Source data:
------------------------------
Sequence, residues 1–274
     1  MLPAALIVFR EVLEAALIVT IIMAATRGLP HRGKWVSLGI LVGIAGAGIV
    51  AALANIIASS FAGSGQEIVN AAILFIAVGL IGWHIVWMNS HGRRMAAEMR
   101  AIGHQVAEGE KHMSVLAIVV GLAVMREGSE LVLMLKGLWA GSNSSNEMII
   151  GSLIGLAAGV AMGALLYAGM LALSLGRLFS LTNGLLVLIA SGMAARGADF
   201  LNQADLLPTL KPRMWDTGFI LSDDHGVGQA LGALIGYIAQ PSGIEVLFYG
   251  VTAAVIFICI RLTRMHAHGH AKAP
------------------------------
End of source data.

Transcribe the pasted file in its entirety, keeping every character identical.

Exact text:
Sequence, residues 1–274
     1  MLPAALIVFR EVLEAALIVT IIMAATRGLP HRGKWVSLGI LVGIAGAGIV
    51  AALANIIASS FAGSGQEIVN AAILFIAVGL IGWHIVWMNS HGRRMAAEMR
   101  AIGHQVAEGE KHMSVLAIVV GLAVMREGSE LVLMLKGLWA GSNSSNEMII
   151  GSLIGLAAGV AMGALLYAGM LALSLGRLFS LTNGLLVLIA SGMAARGADF
   201  LNQADLLPTL KPRMWDTGFI LSDDHGVGQA LGALIGYIAQ PSGIEVLFYG
   251  VTAAVIFICI RLTRMHAHGH AKAP